Maybe it was a touch too simple to continue after Samuels’s blow. Malinga had returned to attempt to deliver the knockout blow when Samuels struck. Samuels launched a stunning counteroffensive. In the thirteenth over, Samuels dazzled Malinga with three of the best sixes: a flick over deep midwicket, a loft over long-on, and a gorgeous drive over extra cover. Malinga only needed to miss his yorker by a few inches. After 13, it was still just 69 for 2, but it helped the West Indies show fight.

Jayawardene wished to break up that conflict right now. After he brought back Ajantha, he retaliated by getting rid of Dwayne Bravo, Andre Russell, and Kieron Pollard in his final two overs. Surely Jayawardene had overlooked everything?

Not exactly. During those two overs, Samuels persisted in his attack, dismantling Jeevan Mendis. The man regarded as the finest bowler in Twenty20 cricket then took his turn. Samuels got a length ball after hitting Malinga for a four and a six, and he launched it onto the stadium roof for the largest six of the competition (108 meters).

Also Read: Carlos Brathwaite’s Epic 6, 6, 6, 6 Sequence: West Indies’ World T20 Triumph vs England

During the intermission, Angelo Mathews stated that the West Indies were still 15–20 short. Maybe they were, but that assault had a tremendous amount of momentum—105 in the last ten. A brilliant opening delivery from Ravi Rampaul sent Tillakaratne Dilshan’s off stump cartwheeling, as if Sri Lanka weren’t already far out of control. He put his finger to his lips. But the throng had already gone silent in shock.

Now, like the West Indies openers, two of Sri Lanka’s finest players were in the middle, but they were also under pressure. Would they have considered the three World Cup finals they had lost in the past? In today’s cricket, Jayawardene is the best player at the sweep stroke, but he was too early and almost gifted Samuels a wicket in his opening over.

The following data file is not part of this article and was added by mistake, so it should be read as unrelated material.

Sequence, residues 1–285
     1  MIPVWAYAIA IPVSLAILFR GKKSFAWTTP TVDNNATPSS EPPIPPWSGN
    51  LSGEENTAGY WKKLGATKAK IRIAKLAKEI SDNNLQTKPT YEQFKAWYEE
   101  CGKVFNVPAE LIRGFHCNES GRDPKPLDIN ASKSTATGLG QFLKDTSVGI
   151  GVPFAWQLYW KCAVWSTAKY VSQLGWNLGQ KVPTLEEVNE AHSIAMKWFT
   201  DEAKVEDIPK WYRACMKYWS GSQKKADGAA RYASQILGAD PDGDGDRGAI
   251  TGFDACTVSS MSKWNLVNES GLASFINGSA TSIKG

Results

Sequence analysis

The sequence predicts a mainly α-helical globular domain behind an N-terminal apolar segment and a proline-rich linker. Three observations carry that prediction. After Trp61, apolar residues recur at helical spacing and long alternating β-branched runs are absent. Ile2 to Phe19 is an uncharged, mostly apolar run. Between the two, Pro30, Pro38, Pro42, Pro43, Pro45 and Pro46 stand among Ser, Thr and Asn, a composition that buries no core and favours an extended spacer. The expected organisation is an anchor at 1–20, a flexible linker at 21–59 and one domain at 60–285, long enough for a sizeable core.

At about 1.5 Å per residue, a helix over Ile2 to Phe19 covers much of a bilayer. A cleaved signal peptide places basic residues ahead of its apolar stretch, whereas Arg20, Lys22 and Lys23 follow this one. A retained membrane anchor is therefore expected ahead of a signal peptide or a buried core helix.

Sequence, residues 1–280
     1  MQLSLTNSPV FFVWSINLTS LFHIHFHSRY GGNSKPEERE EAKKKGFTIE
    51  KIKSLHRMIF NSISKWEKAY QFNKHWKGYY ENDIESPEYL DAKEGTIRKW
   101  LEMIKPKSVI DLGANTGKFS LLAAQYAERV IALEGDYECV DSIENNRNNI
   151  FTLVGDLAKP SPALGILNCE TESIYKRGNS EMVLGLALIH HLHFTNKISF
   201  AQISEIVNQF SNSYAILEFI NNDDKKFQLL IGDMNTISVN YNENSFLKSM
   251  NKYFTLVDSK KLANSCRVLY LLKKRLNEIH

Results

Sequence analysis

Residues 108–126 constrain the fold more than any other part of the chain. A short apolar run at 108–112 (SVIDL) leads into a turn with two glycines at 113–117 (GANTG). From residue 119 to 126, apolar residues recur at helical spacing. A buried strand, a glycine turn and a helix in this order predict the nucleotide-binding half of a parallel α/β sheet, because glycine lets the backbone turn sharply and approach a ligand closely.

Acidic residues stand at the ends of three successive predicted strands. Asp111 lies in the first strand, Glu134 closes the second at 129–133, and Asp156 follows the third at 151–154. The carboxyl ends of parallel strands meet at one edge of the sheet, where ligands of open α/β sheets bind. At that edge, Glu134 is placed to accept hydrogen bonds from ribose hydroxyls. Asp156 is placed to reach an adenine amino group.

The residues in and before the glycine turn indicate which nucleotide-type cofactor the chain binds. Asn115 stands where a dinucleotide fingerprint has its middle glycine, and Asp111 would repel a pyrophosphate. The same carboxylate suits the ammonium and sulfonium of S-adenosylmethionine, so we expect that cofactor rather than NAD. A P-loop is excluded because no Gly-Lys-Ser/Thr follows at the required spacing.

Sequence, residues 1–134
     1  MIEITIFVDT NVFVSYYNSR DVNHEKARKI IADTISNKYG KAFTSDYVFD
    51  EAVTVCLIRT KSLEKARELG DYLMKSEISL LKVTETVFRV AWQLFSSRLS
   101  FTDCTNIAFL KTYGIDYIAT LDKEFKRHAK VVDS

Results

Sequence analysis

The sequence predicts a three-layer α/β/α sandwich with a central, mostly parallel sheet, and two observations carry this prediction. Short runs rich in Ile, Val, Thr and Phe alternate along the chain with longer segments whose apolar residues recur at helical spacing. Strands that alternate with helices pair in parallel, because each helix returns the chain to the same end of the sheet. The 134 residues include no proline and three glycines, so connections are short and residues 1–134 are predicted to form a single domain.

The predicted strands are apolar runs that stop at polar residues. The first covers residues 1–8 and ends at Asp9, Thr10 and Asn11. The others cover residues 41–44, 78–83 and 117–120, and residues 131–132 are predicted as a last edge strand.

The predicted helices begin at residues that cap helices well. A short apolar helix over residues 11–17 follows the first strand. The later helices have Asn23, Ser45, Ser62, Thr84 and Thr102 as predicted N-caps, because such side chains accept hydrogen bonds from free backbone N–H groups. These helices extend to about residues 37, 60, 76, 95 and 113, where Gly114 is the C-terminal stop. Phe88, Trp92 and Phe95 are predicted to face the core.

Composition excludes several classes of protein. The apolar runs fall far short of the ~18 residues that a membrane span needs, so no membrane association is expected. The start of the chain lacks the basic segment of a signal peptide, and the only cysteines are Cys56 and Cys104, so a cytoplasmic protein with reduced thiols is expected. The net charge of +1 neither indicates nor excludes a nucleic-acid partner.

West Indies Secure First T20 World Cup Title in 2012: A Recap of Marlon Samuels’ Heroics

Even with subpar pitches, Kumar Sangakkara continued to knock them straight to fielders. West Indies persisted in applying increasing pressure.

Because of the rapidity of Twenty20, Sri Lanka found themselves at 39 runs after just eight overs. Although they still had wickets remaining, wickets are not as important in T20 as they are in other formats. Above all, Sunil Narine had demonstrated in one over that he could turn the ball a long way. Sri Lanka needed to target someone since they were running out of time.

In addition to hitting a four, Sangakkara also placed a long hop with deep midwicket, aimed for Samuel Badree. Now Sammy gave it another squeeze. Mathews realized he had spoken too soon. After three dots, he crossed over and the stumps were in a prone position. Sammy swung a slower ball at them. It started to drizzle now. At this point, Sri Lanka was well behind D/L, and Jayawardene needed to take chances. Jayawardene, who never really put forth any effort, misplayed a reversal shot and fouled out to point.